posted by doublehappy at 6:01 PM on June 5, 2010 [15 favorites]


SCOTUS, help!

Nah.
posted by Avenger at 6:06 PM on June 5, 2010


In Spite of State Law, Maryland Law Enforcement Officials Still Arresting, Charging People for Recording Cops
posted by homunculus at 6:07 PM on June 5, 2010 [2 favorites]


homunculus, that reminds me of how the London PD had to repeatedly tell its officers to stop arresting people for taking pictures in public since there is not and never was any law against it.
posted by Pope Guilty at 6:13 PM on June 5, 2010


In a perverse sort of way, we should all be a little proud that simple video cameras are considered to be major threats to Police power -- major enough for the Police to demand their restriction.

The actions of the Police (and their enablers in the State governments) speak volumes of how frightened they are of their misdeeds coming to light.
posted by Avenger at 6:13 PM on June 5, 2010 [19 favorites]


I got pulled into the local hoosegow for shooting a cop . . . with my Nikon that is. That's here in Texas, where it seems they make it up as they go along. Charged with assault.
posted by ahimsakid at 6:15 PM on June 5, 2010 [6 favorites]


Also, if I'm a major news network cameraman covering a massive riot, am I going to be arrested? And if not, why not?

First link, second paragraph
posted by desjardins at 6:20 PM on June 5, 2010


From article:

"...among the 12 states in which all parties must consent for a recording to be legal unless, as with TV news crews, it is obvious to all that recording is underway."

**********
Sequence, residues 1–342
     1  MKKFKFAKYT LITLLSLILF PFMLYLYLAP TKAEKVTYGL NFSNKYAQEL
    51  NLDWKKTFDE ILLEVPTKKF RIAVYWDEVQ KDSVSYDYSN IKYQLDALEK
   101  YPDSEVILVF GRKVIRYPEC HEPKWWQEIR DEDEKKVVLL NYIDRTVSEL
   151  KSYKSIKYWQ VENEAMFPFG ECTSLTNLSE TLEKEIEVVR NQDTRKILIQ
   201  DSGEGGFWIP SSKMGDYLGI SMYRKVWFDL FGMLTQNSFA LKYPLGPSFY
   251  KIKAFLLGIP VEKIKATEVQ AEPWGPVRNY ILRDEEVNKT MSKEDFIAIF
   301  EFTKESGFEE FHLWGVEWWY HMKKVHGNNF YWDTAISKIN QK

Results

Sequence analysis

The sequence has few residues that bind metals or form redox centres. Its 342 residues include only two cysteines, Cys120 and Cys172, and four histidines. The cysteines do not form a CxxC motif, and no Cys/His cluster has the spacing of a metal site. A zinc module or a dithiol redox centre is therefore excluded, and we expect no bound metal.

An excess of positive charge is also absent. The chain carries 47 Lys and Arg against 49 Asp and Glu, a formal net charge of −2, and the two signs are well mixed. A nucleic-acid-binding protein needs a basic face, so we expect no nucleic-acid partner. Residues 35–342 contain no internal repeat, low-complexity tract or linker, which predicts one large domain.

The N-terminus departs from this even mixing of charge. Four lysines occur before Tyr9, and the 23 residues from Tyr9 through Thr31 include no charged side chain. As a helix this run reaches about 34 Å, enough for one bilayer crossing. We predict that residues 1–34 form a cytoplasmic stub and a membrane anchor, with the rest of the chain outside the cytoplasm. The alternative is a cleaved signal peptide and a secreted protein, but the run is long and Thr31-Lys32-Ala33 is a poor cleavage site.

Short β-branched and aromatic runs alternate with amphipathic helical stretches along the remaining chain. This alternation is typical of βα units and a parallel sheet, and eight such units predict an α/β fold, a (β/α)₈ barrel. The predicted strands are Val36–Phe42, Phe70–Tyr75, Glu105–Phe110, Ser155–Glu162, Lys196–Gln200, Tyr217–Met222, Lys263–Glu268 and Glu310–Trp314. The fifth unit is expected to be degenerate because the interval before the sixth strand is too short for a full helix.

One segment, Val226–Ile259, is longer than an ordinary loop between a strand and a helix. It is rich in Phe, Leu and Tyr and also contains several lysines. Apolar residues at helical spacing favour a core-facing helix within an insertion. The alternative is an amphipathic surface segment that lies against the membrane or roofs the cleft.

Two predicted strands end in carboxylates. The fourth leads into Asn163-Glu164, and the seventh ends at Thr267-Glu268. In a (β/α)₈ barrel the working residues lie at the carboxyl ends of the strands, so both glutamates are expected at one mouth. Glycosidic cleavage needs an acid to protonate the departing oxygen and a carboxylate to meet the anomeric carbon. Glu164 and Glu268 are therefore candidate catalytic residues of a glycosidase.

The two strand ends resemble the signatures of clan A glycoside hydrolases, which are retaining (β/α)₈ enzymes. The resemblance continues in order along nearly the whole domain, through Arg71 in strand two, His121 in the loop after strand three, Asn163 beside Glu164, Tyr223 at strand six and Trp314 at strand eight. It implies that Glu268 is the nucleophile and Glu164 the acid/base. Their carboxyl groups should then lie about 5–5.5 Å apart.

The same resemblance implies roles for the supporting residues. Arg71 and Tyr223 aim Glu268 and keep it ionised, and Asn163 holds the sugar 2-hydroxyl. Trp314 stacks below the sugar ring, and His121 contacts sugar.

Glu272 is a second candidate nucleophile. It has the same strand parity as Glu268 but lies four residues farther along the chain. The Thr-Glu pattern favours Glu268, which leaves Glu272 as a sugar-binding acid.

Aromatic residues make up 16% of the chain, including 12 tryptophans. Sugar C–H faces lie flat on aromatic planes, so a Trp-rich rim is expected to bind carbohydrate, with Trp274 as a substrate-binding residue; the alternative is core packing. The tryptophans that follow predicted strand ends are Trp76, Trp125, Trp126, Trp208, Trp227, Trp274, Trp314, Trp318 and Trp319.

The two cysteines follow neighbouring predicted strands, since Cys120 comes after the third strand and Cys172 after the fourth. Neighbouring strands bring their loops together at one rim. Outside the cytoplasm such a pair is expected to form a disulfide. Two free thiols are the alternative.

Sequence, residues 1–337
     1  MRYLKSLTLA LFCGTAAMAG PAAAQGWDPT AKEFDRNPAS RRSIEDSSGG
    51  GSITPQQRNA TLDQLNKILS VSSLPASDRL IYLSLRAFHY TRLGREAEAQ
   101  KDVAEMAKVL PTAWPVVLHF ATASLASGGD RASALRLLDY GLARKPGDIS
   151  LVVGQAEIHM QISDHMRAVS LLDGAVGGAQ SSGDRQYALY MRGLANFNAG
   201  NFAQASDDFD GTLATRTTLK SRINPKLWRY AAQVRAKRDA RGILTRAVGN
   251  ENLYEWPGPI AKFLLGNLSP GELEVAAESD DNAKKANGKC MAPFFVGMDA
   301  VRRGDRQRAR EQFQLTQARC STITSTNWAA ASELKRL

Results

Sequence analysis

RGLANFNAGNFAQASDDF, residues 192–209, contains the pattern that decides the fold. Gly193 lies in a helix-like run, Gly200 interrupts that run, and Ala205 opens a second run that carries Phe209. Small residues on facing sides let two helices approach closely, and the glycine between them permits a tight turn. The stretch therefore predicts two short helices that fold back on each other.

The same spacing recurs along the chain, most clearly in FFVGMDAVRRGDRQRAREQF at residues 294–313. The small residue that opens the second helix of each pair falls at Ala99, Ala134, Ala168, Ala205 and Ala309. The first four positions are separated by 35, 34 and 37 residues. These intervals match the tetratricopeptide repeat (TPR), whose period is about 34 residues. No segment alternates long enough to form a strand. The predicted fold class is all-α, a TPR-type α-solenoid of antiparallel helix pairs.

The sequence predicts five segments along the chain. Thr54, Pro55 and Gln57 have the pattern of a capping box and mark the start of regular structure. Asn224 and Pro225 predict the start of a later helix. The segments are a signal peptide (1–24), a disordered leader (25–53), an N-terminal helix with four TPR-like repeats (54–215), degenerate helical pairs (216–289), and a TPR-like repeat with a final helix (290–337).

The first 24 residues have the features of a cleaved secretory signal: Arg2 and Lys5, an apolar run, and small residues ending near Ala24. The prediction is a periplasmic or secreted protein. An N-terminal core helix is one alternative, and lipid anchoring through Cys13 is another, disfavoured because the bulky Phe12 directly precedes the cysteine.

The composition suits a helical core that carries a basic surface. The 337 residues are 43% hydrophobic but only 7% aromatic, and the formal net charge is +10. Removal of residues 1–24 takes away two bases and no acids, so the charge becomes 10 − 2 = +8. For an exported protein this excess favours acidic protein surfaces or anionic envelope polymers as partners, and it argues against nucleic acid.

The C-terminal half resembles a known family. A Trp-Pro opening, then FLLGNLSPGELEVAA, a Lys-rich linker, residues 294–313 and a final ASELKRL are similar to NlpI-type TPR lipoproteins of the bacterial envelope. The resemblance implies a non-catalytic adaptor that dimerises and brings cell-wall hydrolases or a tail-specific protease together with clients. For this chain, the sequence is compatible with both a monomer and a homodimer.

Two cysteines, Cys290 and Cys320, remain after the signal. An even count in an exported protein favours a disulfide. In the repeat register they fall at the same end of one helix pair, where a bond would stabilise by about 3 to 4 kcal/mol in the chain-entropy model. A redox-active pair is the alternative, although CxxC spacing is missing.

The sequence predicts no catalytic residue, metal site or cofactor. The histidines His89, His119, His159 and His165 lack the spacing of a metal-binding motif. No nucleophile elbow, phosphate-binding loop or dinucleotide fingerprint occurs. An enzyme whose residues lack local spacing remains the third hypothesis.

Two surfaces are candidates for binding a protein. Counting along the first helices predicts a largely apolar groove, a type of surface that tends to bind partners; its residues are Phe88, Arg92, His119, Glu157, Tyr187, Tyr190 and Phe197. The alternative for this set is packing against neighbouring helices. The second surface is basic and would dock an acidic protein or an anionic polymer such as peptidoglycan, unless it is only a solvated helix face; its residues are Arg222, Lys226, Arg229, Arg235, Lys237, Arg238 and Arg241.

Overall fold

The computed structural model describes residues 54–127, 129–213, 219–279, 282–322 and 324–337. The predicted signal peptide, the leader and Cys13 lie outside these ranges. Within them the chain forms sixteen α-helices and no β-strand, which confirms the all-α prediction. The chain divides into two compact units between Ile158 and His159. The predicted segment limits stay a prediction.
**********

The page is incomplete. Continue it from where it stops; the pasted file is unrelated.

So it's just the size of the camera which makes it "obvious to all that recording is underway"? That they have logo jackets? Because I can wear a logo jacket.
posted by sharkfu at 6:30 PM on June 5, 2010 [3 favorites]


I stumbled upon and read the blog Photography is not a Crime last week and it made me angry and a little afraid.
posted by ghharr at 6:31 PM on June 5, 2010 [1 favorite]


Yeah - read that, but I'm still confused as to whether this means if I have a really big camera, I can continue to film. Or if I say "I AM FILMING AND RECORDING" and make it obvious to all.
posted by doublehappy at 6:33 PM on June 5, 2010


Wiretap I understand. When I used to record people for insurance claims, I understood getting their explicit permission before (and after) because the telephone is a place where people have the expectation of privacy. In public places, people don't have the expectation of privacy. Public employees on duty in public certainly don't.

As a taxpayer, I like to think of police as my employees. When they are on duty in public, I feel I should have the right to evaluate their performance by making random or targeted recordings of them in action, and then releasing those recordings to my fellow taxpayers for their joint evaluation.
posted by toodleydoodley at 6:45 PM on June 5, 2010 [13 favorites]


I stumbled upon and read the blog Photography is not a Crime last week and it made me angry and a little afraid.

Same here. Reading the daily accounts of police harassing, assaulting, and/or arresting photographers is pretty sobering: unlike with most other "contempt of cop" offenses, I can actually picture myself falling prey to the police for "disrepectfully" photographing them.
posted by Dimpy at 6:52 PM on June 5, 2010


I don't even know what to do about this shit anymore. Calling my congresscritter doesn't seem to do a damn thing, since the things I tend to ask them to do just get me labeled a nut. And both major parties are essentially filled with corrupt shit-heads in the pocket of every major interest group. Anybody who steps up and takes a stand on anything loses the support of his party.

This whole thing is a big stage play. I don't even know who the fuck any of this benefits anymore.

But I do know that I'm becoming progressively more fatalist about it. My fellow citizens, for the most part, seem to support this sort of legislation. They seem to need somebody to tell them what to do, and so supporting any visible symbol of that authority seems to be a kneejerk reaction. After all, they'll never be on the wrong side of the law. This is all to keep the terrorists from raping our white women.